Bristol has one of the highest office to residential conversions outside London

Mark Alker Stone

Bristol has seen nearly half a million sq ft of office space converted into residential property – the highest rate outside of London.

Bristol City Council’s planning department has received 123 notifications from developers planning to convert office space since the rules were changed in May 2013, which together have the potential to create 1,995 new homes.

Between May 2013 when the planning changes came in and the Spring of 2015, the council had received 69 notifications for change of use to create 1,240 residential units, with average loss of office space of 12,500 ft², according to an earlier report carried out for the BCO in 2015.

These units, based on Council estimates, equated to a loss of 870,000 ft² of office space.

Since then a further 54 notifications have been submitted. Of all 123 notifications, it is estimated that 54% have already been implemented leading to the loss of more than 470,000 ft² of office space. Work on the remainder has yet to start.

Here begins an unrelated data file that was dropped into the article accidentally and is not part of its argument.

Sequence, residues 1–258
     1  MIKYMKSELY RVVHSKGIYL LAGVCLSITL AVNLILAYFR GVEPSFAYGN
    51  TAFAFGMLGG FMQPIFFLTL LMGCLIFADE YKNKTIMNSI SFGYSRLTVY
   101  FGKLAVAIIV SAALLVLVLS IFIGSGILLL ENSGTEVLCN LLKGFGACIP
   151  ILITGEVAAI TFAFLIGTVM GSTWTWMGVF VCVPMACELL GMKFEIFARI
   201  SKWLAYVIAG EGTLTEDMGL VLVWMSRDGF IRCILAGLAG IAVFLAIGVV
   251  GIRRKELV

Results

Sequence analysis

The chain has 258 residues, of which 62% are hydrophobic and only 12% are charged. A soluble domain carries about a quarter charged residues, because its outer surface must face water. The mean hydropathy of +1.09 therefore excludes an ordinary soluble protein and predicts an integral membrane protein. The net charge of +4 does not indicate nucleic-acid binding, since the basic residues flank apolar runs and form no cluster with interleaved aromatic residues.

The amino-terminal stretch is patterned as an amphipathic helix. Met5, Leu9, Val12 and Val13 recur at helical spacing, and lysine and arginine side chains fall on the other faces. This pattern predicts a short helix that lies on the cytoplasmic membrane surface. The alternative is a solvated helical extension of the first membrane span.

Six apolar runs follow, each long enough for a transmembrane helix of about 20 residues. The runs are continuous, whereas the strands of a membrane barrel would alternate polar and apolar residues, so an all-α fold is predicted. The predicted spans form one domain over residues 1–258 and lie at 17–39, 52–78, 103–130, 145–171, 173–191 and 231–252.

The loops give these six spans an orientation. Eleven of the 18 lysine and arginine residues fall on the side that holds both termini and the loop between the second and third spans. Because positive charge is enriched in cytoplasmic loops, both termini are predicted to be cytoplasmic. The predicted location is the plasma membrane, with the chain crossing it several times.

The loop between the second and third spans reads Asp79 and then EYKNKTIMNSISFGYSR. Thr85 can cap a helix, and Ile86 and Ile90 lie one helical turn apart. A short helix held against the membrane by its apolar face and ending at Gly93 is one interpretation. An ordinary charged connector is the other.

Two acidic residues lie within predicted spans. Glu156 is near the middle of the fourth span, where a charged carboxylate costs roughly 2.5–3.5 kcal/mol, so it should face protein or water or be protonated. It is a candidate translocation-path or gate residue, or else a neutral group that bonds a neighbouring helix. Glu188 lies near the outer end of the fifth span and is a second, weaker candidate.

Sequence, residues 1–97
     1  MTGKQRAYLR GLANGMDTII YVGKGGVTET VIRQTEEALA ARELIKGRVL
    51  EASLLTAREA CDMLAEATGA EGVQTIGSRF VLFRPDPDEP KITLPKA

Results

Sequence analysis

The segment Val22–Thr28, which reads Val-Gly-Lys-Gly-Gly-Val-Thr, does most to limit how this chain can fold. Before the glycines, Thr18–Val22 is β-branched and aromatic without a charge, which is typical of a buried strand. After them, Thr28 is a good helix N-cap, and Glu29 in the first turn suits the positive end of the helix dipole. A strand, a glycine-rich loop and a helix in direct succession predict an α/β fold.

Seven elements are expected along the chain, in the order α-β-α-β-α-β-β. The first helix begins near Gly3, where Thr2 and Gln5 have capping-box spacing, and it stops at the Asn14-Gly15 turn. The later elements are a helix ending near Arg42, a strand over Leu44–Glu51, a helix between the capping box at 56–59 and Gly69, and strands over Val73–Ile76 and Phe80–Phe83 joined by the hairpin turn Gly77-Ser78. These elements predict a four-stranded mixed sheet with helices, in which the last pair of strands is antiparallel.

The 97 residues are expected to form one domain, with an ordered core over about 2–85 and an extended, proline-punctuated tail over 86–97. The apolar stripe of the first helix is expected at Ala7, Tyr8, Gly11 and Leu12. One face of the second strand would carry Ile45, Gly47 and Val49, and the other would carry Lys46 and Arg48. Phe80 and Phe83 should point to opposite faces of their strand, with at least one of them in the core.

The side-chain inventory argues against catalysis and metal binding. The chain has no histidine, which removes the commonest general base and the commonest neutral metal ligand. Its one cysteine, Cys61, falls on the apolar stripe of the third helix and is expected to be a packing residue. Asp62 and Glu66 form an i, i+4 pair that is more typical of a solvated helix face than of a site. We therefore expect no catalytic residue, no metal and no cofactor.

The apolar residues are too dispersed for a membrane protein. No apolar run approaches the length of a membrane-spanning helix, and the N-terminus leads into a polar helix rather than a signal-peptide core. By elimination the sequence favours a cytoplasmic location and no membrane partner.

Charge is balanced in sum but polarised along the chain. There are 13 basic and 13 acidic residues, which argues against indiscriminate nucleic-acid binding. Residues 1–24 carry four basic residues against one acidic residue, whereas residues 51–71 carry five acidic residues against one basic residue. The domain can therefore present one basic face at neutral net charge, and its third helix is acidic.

While this may be good news for house buyers, it has led to a shortage of commercial space in the city pushing up rents for businesses.

In Bristol city centre, some Grade B office rents have increased from £10 to £25 per sq ft per annum in just five years, according to one Bristol property expert.

This has led to some office to residential conversion proposals such as the Programme, formerly known as The Pithay, near Broadmead, being reviewed and delivered to the market as office refurbishments.

The new ‘permitted development’ rules introduced in 2013 require developers to notify planning departments of their intention to convert office space.

If local authorities do not respond, the developers have the right to proceed. Where local authorities demand further detail, they can then approve or reject the proposals but only on much narrower grounds than under the normal planning system.

Mark Alker Stone, Chairman, BCO SW and Wales Chapter added: “There is no denying that more housing is needed in Bristol, and the conversion of some older buildings which are no longer suitable as offices is a sensible solution. However, once office space is lost to residential development, it is often lost for good.

“This loss means that many Bristol businesses will not have access to office space of the right quality, in the right location, to succeed and drive growth.”